1911 Encyclopædia Britannica/Bharahat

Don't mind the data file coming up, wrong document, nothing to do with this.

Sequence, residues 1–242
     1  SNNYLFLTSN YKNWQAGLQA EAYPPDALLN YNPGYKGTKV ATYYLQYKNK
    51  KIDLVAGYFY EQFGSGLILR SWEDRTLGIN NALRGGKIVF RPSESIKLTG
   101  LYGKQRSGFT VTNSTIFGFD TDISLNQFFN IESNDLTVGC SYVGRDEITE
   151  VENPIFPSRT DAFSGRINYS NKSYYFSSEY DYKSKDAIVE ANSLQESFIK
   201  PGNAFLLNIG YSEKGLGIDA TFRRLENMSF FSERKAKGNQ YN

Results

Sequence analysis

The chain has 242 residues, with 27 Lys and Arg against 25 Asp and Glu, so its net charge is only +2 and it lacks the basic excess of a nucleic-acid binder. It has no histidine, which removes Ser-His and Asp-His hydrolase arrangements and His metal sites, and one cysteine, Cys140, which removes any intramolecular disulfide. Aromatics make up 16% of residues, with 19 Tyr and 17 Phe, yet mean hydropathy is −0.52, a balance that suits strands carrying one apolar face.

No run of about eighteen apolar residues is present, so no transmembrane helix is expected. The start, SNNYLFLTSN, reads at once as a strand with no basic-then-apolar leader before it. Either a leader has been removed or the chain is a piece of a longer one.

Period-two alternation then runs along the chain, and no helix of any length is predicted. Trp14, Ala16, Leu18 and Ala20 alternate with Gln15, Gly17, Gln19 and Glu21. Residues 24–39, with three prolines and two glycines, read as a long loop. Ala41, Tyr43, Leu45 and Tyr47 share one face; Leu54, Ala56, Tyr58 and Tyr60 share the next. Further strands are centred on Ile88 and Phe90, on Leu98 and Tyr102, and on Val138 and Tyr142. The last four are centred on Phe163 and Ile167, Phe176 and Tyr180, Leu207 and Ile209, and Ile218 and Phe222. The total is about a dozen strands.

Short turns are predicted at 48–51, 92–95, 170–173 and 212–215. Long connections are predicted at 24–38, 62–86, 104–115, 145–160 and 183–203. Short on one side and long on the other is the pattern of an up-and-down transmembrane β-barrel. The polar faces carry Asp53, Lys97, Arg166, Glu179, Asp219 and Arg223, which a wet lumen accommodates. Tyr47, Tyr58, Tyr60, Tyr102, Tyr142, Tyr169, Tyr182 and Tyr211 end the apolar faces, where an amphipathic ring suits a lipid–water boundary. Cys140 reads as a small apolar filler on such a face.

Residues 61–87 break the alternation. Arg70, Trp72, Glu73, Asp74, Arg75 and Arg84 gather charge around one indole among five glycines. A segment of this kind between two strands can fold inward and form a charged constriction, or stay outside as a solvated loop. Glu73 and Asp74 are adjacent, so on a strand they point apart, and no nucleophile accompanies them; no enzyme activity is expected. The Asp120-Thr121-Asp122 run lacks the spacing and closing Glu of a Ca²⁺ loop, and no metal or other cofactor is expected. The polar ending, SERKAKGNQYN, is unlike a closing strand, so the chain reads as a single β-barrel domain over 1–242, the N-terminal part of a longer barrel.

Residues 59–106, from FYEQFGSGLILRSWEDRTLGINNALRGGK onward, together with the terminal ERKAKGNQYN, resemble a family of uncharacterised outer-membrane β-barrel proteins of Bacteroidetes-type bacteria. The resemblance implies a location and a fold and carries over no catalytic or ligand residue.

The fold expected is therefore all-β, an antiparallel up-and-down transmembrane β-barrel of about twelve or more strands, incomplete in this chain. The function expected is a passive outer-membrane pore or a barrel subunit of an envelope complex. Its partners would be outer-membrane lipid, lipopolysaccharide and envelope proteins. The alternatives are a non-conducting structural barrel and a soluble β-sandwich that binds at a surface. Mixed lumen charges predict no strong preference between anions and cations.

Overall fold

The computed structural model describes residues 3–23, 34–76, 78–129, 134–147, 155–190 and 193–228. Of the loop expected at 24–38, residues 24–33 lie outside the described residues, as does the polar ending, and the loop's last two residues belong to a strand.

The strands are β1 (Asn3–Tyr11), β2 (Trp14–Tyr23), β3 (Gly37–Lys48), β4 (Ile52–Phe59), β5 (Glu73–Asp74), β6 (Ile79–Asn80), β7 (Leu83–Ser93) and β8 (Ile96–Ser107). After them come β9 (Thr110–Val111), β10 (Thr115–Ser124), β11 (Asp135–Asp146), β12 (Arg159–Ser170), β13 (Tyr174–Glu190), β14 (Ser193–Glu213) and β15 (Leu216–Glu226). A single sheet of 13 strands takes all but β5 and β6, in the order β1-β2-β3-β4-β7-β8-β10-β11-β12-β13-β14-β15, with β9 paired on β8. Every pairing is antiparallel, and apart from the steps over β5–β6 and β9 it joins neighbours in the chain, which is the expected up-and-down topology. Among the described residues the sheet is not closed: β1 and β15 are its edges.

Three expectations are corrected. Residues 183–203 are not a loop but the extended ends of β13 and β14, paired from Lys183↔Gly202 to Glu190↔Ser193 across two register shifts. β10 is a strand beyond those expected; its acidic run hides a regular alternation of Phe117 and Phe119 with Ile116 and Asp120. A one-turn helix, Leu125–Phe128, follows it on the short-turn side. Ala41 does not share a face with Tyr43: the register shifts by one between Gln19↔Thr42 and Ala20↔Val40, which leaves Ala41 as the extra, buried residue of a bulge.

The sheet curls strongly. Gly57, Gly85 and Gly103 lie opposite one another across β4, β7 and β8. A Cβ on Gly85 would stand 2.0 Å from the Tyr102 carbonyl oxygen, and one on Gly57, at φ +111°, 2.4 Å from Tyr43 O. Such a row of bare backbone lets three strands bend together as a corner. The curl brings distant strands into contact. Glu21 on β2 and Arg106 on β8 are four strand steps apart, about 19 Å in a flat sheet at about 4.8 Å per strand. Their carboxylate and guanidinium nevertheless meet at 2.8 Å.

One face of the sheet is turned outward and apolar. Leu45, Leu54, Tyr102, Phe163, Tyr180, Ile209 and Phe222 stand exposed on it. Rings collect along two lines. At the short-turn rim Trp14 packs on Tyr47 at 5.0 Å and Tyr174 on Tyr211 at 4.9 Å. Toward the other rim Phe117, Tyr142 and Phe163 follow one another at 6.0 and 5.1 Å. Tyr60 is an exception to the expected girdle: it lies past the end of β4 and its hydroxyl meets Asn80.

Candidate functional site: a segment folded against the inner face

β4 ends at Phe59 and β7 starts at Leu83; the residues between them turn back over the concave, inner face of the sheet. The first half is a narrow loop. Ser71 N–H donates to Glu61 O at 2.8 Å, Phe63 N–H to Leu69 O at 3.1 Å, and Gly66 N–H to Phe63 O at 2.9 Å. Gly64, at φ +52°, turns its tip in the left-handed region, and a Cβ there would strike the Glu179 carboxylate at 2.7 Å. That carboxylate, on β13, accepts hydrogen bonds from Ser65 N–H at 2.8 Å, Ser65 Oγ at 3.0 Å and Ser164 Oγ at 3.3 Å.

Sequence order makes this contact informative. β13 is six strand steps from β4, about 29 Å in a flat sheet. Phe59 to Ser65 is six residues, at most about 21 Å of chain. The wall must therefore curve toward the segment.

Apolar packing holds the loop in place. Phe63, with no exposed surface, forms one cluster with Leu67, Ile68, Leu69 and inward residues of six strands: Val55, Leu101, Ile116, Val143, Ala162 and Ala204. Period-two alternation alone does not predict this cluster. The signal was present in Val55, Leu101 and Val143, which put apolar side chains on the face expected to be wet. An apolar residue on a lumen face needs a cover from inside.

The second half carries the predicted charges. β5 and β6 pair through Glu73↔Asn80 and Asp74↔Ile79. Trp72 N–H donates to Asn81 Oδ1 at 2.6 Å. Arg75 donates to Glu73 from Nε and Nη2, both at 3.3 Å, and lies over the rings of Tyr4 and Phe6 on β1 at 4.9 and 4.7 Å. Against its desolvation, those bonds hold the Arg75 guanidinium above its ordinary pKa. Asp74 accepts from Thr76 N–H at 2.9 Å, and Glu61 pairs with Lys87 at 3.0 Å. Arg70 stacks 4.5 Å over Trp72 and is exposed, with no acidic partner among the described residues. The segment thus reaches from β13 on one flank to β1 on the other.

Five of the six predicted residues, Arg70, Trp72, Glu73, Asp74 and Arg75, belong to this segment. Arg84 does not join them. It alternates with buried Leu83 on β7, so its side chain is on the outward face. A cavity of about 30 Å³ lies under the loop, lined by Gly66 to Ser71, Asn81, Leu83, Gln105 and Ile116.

BHARAHAT, or Barhut, a village in the small state of Nagod in India, lying about 24° 15′ N. by 80° 45′ E., about 120 m. S.W. of Allahabad. General A. Cunningham discovered there in 1873 the remains of a stūpa (i.e. a burial mound over the ashes of some distinguished person) which were excavated, in 1874, by his assistant, J. D. Beglar. The results showed that it must have been one of the most imposing and handsome in India; and it is especially important now from the large number of inscriptions found upon it. The ancient name of the place has not been yet traced, but it must have been a considerable city and its site lay on the high road between the ancient capitals of Ujjenī and Kosāmbī. The stūpa was circular, 70 ft. in diameter and 42 ft. high. It was surrounded by a stone railing 100 ft. in diameter, so that between railing and stūpa there was an open circle round which visitors could walk; and the whole stood towards the east side of a paved quadrangle about 300 ft. by 320 ft., surrounded by a stone wall. On the top of the stūpa was an ornament shaped like the letter T, and as the base of the stūpa was above the quadrangle, the total height of the monument was between 50 and 60 ft. But its main interest, to us, lies in the railing. This consisted of eighty square pillars, 7 ft. 1 in. in height, connected by cross-bars about 1 ft. broad. Both pillars and cross-bars were elaborately carved in bas-relief, and most of them bore inscriptions giving either the name of the donor, or the subject of the bas-relief, or both. There were four entrances through the railing, facing the cardinal points, and each one protected by the railing coming out at right angles, and then turning back across it in the shape of the letter L. This gave the whole ground plan of the monument, and no doubt designedly so, the shape of a gigantic swastika (i.e. a symbol of good fortune). By the forms of the letters of the inscriptions, and by the architectural details, the age of the monument has been approximately fixed in the 3rd century B.C. The bas-reliefs give us invaluable evidence of the literature, and also of the clothing, buildings and other details of the social conditions of the peoples of Buddhist India at that period. The subjects are taken from the Buddhist sacred books, more especially from the accounts given in them of the life of the Buddha in his last or in his previous births. Unfortunately, only about half the pillars, and about one-third of the cross-bars have been recovered. When the stūpa was discovered the villagers had already carried off the greater part of the monument to build their cottages with the stones and bricks of it. The process has gone on till now nothing is left except what General Cunningham found and rescued and carried off to Calcutta. Even the mere money value of the lost pieces must be immense, and among them is the central relic box, which would have told us in whose honour the monument was put up.